In response to the lawsuit, though, the City has subpoenaed five pastors involved in the suit to obtain materials surrounding their signature gathering efforts, but also materials that relate to sermons they may have given on this issue. Of course, voices of the Religious Right have framed this as the government trying to take away religion, silencing churches and oppressing Christians. Indeed, Senator Ted Cruz released a breathless word-salad of a press release on this, claiming that Houston has “no power” to ask for copies of the sermons:

This week, the government of Houston, Texas sent a subpoena to silence prayers. The government of Houston, Texas demanded of the pastors, hand over your sermons to the government. The city of Houston has no power – no legal authority – to silence the church. Caesar has no jurisdiction over the pulpit, and when you subpoena one pastor, you subpoena every pastor.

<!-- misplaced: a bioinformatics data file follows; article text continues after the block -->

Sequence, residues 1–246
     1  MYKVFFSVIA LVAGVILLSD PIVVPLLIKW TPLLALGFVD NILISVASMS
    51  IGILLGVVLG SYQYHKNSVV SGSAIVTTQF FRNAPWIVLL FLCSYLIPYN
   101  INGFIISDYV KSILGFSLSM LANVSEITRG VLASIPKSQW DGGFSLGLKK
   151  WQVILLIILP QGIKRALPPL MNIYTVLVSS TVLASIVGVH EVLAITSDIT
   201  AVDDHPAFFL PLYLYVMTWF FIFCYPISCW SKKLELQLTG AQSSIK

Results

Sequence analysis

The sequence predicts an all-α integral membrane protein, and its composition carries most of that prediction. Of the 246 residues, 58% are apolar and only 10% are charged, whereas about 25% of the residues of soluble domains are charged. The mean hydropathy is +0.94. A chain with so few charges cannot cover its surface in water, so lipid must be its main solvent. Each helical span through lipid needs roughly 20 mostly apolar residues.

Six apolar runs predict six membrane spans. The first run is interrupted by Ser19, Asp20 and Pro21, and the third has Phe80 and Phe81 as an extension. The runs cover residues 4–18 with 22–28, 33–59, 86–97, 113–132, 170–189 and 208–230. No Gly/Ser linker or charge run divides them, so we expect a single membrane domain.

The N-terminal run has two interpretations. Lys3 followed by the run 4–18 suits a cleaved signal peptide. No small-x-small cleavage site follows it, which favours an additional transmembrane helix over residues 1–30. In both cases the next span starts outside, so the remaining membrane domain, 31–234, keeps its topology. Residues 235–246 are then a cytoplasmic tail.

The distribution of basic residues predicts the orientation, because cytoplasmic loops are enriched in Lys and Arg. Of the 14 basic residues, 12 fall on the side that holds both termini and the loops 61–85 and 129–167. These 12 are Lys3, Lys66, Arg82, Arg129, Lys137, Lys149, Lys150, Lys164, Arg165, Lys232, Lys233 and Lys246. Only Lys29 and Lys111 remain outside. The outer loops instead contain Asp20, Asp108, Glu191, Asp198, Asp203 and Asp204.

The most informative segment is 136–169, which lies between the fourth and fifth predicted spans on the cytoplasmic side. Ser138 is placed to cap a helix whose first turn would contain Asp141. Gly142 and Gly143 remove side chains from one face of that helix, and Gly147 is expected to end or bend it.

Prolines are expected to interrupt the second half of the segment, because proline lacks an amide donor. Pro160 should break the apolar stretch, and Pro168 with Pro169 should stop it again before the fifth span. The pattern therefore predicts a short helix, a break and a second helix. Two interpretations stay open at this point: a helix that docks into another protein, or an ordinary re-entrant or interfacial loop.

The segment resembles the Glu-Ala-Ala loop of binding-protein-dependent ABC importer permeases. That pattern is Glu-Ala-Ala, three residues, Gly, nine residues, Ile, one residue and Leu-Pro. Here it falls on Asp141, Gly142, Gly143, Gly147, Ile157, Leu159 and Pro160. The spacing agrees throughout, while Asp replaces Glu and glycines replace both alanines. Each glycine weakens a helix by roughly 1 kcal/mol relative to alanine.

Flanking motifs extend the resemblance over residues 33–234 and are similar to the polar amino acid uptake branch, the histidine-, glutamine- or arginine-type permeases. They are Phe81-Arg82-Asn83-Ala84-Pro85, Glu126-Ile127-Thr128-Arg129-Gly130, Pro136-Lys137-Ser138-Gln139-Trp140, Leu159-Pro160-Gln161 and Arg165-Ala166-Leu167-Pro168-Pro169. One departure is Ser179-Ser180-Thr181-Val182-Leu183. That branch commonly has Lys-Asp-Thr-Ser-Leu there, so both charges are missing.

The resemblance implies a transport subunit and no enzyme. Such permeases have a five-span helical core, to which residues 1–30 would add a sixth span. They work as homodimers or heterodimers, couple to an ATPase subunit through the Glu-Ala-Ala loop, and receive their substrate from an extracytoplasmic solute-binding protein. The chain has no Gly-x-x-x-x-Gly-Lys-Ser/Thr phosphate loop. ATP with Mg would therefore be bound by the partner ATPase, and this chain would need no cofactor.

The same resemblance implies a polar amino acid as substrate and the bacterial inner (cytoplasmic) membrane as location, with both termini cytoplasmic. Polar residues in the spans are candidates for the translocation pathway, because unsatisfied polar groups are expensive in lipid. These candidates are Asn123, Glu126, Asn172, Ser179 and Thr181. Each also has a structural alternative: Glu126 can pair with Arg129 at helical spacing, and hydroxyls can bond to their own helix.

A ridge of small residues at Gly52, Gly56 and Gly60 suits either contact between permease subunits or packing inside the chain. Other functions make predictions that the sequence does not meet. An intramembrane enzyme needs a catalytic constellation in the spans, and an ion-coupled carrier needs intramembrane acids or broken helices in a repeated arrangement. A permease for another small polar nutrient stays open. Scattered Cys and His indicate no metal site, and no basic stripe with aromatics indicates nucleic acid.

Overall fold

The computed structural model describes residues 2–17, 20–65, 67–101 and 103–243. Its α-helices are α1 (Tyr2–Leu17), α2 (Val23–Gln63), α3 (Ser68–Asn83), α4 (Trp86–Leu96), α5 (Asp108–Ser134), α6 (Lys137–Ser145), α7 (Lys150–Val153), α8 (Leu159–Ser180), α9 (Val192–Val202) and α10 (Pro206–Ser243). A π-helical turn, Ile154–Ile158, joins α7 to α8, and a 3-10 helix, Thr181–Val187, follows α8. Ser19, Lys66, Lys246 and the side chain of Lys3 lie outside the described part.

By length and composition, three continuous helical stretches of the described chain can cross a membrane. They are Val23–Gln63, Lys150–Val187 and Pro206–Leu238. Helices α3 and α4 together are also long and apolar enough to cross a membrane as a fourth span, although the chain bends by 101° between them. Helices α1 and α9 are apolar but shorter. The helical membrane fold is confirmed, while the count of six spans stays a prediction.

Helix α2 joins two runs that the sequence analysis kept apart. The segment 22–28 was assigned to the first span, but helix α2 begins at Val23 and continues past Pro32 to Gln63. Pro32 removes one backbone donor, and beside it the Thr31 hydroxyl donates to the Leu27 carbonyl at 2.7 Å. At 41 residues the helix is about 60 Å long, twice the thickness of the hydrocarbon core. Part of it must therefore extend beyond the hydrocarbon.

Putting aside the errant notion that anybody is being “silenced,” it is a fact that by virtue of the Religious Right’s own lawsuit against the ordinance, Houston’s administration does have the power to request materials and documents made by the five pastors who sued the City.

Subpoenas and the Court Process

When the coalition of pastors and religious groups filed a lawsuit claiming that Houston’s administration improperly counted or even disregarded petition signatures against the ordinance, it obviously set in motion court proceedings. As part of that, there is what’s known as the pre-trial “discovery phase,” where both sides attempt to secure evidence to bolster their case. This can be anything that a judge might reasonably view as adding weight to their arguments. In this case, an example of what the subpoena asks for includes: